On February 3, 2020, five people in Los Angeles, CA, were arrested in a ‘ghost gun’ sting operation. The five men were charged with various charges including multiple counts of firearms-related charges and drug charges. According to the indictment, one of the men was in possession of a handgun that was converted from semi-automatic to a fully automatic with a device often referred to as a “Glock switch”.
While ‘ghost guns’ continue to become a bigger problem, gun theft has been a major issue on its own. In Houston, Texas alone, more than 2,000 guns are stolen from vehicles each year. Those weapons end up on the streets and often in the wrong hands. In 2017, ABC13 News in Houston asked every convicted killer from Harris County who used a gun to murder someone how they acquired their weapons. The majority said they used stolen guns.
Gun Rights Advocates
Gun control debates often typically revolve around banning ‘assault weapons’ and expanding background checks. As a gun owner, I’m not a supporter of banning any weapons that aren’t banned already. I’ve made the argument that it’s too late to ban guns. Gun rights advocates, or ‘Second Amendment people’ as Donald Trump refers to them, always seemingly muddy the waters about sensible gun control laws.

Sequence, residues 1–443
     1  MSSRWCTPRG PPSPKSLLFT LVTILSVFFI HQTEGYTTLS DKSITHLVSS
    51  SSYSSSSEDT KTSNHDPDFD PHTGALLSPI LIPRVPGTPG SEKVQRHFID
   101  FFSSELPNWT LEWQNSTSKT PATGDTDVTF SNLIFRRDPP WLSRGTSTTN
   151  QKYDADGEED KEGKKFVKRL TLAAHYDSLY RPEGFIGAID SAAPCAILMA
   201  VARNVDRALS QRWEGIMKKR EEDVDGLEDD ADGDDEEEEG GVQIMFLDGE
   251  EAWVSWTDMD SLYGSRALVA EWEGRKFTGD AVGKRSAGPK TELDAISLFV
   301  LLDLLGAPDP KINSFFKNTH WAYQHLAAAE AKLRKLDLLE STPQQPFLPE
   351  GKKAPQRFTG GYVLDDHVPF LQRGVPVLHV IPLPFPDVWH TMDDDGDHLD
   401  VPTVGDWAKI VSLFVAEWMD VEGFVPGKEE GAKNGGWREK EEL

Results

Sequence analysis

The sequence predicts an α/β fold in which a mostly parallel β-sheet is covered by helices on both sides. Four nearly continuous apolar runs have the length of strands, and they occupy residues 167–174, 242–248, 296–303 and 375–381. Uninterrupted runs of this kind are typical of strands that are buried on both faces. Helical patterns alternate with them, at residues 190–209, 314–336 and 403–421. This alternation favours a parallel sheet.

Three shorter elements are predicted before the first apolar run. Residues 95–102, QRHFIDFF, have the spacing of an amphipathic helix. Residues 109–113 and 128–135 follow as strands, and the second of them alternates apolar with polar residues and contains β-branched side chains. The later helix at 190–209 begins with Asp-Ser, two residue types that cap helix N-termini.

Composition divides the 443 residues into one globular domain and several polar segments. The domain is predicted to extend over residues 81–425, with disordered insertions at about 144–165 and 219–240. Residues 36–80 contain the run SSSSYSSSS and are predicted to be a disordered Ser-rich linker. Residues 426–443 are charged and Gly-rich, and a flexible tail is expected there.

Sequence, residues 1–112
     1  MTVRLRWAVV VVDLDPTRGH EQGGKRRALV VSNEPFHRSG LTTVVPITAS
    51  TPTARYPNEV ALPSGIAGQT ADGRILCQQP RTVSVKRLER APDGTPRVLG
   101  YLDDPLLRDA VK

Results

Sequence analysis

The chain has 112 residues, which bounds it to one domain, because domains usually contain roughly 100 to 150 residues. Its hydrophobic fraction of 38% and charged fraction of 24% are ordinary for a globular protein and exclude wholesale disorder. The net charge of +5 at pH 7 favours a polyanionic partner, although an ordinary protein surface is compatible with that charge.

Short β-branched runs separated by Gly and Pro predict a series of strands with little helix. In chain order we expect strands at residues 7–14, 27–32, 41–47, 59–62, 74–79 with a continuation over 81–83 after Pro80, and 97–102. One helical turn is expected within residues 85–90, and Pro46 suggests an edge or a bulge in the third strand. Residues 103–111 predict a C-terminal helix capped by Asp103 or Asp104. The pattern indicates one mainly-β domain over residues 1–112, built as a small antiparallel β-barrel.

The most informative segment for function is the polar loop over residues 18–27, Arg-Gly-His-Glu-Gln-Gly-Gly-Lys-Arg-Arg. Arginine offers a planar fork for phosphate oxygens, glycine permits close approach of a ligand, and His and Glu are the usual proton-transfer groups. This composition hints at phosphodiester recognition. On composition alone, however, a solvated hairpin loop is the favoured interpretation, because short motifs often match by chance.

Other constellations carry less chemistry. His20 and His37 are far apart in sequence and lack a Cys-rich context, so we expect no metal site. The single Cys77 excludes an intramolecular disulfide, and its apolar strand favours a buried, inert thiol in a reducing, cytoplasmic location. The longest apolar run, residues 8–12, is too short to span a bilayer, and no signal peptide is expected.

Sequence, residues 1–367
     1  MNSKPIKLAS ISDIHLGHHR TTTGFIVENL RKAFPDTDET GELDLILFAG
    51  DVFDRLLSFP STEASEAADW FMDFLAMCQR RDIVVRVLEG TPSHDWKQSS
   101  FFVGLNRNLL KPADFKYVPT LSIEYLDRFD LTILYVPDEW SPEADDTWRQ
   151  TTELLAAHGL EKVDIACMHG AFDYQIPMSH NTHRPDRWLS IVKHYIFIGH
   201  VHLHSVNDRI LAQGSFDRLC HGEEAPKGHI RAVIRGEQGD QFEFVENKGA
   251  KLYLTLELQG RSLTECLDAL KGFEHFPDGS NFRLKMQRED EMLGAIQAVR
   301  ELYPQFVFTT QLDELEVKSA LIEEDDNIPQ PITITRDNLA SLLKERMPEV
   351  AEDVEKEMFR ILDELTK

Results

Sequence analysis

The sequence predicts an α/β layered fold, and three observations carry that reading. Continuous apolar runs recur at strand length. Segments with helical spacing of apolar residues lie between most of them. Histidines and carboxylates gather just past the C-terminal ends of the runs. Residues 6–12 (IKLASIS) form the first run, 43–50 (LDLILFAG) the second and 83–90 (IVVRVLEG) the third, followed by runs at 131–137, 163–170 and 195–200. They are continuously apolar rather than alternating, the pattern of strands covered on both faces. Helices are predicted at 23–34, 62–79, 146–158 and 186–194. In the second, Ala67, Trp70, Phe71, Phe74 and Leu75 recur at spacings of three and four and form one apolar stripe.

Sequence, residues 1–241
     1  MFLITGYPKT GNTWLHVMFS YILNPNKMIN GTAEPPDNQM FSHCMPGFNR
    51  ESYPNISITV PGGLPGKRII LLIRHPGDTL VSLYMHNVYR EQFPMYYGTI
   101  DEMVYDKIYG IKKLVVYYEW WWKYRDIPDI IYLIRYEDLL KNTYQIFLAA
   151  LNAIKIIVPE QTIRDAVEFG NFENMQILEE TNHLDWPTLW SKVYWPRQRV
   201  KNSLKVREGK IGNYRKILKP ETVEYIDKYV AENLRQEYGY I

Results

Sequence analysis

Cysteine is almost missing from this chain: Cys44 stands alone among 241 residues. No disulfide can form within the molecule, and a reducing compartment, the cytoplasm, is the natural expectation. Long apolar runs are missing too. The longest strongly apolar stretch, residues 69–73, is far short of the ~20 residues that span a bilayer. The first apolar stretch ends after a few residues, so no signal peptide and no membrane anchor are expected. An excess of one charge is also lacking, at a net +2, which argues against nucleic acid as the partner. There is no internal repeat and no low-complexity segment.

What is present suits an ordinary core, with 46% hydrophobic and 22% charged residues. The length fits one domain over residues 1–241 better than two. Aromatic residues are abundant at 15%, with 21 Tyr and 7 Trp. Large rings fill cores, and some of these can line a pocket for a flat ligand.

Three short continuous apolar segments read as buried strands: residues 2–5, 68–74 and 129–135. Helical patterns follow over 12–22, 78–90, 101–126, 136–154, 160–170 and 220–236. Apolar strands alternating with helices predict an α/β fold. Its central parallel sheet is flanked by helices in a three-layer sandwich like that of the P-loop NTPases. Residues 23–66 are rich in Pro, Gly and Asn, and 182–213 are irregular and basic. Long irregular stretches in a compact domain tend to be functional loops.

One of their favorite arguments starts with “why should responsible gun owners suffer” the consequences of new legislation. I argue that people who allow access to their guns, whether children in the home or criminals on the street stealing them from cars, are not responsible owners of firearms. They are irresponsible and contribute to violent gun deaths more than actual responsible gun owners like myself.
Gun theft is arguably the biggest conduit to flooding the streets with illegal firearms. Second only to gun shows and the industry built on private sales. Selling a gun privately allows gun sellers and buyers to circumvent background checks. Many violent criminals and homegrown terrorists purchase their guns in this manner. It’s a commonly used tactic to keep the government from tracking them and their activities.